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Fear in the air before the poll sparked war in East Timor

The Australian - August 31, 2009

Mark Dodd – The first act in the birth of the world's newest nation – its 1999 vote for independence – began for me before daybreak in East Timor's western border town of Maliana.

Behind our guesthouse, hundreds of Timorese were walking down a narrow road heading into town, clutching their precious white voter-registration cards, which shimmered in the moonlight. Their destination was the Maliana gymnasium hall, converted to serve as the main voting centre.

After months of brutal intimidation by anti-independence militia gangs, the sight was one of the most moving I have ever witnessed. As dawn broke, the numbers of voters continued to grow, men and women, young and old, dressed in the sort of finery Timorese typically reserve for Sunday Mass.

Unusually, there were no children present, a sign the voters expected trouble. When asked, they said they feared for their lives and wanted to cast their ballots early and get out of town – at least those voting for independence.

Maliana was a bastion for militant pro-integrationists and pro-independence student activists staying at the nearby Don Bosco, a volatile mix which in the following days would explode into violence and mass murder.

My voting day started in picturesque mountain country 12km southeast of Maliana – neutral ground and the voting centre for pro-independence Falintil guerillas and their families.

Understandably, they were reluctant to come down from their mountain redoubt and agreed only at the last moment after tortuous negotiations with the Indonesians and the UN and assurances that the feared Indonesian military intelligence operatives (SGI) would stay away.

A UN electoral official, a middle-aged American woman who had worked months to convince this group to vote, broke into tears when she saw them arrive.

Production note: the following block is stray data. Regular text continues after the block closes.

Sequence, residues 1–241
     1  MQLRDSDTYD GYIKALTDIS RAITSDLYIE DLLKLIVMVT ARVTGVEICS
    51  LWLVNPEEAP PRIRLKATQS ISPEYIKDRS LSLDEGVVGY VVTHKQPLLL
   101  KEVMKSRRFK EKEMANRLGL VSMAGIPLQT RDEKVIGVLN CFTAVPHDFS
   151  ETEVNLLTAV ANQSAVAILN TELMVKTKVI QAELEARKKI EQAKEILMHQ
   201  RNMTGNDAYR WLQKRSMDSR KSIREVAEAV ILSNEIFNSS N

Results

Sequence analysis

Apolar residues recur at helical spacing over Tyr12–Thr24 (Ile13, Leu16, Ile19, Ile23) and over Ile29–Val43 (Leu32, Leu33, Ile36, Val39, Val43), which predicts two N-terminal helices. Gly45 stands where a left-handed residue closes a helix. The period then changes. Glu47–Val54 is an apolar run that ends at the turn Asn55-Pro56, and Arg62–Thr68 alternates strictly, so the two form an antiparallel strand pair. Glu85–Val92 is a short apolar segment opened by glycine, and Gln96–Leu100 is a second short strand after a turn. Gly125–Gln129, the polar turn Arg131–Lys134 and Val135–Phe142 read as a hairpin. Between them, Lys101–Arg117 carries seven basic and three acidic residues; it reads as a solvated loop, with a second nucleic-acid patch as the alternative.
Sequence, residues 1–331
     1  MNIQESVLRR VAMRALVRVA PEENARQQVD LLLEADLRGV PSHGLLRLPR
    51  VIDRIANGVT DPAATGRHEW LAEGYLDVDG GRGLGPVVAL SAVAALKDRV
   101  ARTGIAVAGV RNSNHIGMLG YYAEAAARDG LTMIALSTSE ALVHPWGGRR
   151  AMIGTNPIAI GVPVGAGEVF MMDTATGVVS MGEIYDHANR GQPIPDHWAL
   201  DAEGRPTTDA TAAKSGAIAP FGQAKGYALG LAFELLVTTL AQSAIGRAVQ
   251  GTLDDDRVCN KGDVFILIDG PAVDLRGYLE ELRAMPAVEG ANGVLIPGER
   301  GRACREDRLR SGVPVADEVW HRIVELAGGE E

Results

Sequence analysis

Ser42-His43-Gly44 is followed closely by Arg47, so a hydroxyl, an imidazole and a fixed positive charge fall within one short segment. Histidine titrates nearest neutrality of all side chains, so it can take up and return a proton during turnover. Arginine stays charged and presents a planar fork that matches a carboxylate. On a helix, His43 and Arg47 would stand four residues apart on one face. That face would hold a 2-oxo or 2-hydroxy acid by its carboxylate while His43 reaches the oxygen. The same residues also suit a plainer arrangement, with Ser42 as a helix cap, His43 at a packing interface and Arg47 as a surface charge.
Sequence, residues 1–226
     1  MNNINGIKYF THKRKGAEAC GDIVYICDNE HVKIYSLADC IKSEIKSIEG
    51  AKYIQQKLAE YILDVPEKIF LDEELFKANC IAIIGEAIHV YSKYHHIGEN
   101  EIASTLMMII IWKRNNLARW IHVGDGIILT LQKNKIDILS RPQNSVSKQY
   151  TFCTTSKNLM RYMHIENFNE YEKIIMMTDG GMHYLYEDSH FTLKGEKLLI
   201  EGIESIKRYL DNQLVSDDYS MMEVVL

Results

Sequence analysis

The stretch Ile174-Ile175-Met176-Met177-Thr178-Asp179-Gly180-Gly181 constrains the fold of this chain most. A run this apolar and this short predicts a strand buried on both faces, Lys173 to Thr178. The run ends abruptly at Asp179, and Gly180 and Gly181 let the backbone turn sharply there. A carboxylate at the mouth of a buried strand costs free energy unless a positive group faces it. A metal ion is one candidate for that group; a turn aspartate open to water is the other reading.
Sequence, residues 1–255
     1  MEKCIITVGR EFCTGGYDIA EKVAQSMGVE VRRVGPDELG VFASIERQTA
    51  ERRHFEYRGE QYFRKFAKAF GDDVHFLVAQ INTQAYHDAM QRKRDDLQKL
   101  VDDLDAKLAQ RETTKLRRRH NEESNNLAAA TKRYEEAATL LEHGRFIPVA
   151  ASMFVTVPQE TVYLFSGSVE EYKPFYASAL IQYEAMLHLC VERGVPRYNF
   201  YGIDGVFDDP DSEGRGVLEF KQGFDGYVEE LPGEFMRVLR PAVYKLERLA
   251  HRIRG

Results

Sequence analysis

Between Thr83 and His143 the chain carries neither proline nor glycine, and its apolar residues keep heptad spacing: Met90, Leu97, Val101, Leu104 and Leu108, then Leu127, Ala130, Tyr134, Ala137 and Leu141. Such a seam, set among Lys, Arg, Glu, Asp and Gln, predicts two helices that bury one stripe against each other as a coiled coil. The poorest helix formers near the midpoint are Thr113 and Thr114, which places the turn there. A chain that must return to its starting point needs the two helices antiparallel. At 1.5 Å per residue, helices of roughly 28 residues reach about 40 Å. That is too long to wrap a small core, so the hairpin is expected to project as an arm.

By 10am I went back to Maliana where voting was orderly as UN police, their Indonesian counterparts and UN electoral staff organised voters into long queues.

And there were some hilarious scenes. Inside the gym, I watched as an elderly man was helped by staff to a cardboard voting booth. After casting his vote, the man wanted to ensure the whole process stayed a secret and he set about dismantling the booth, before laughing staff ushed up and helped to usher him away. It was the only lighter moment that day.

If any trouble was going to happen it was expected to occur in Maliana and nearby Balibo, which had seen earlier militia violence.

So it was no surprise that many Dili-based diplomats, including Australian embassy staff, arrived to observe the vote, their presence hopefully acting as a deterrent to any planned disruption by the militias. But that would come after they departed.

In Balibo, voting began well at the local high school but UN polling staff were getting nervous about the presence of truckloads of militiamen driving up and down the road outside to intimidate voters.

Their efforts appeared to be successful, because most of the town's residents were preparing to relocate, their belongings piled outside their homes.

My last stop before heading back to Dili was a small voting booth about 20km east of the border hamlet of Batugade.

It was mid-afternoon and the centre's UN staff had left in fear except for one – a former Belgian paratroop major. He was alone, armed with a wooden club discreetly placed inside his office while he guarded the ballot boxes.

I accepted his offer of some cold water and we stopped for a brief chat while armed militia did burnouts in a pick-up truck on the road outside. The peace was about to end.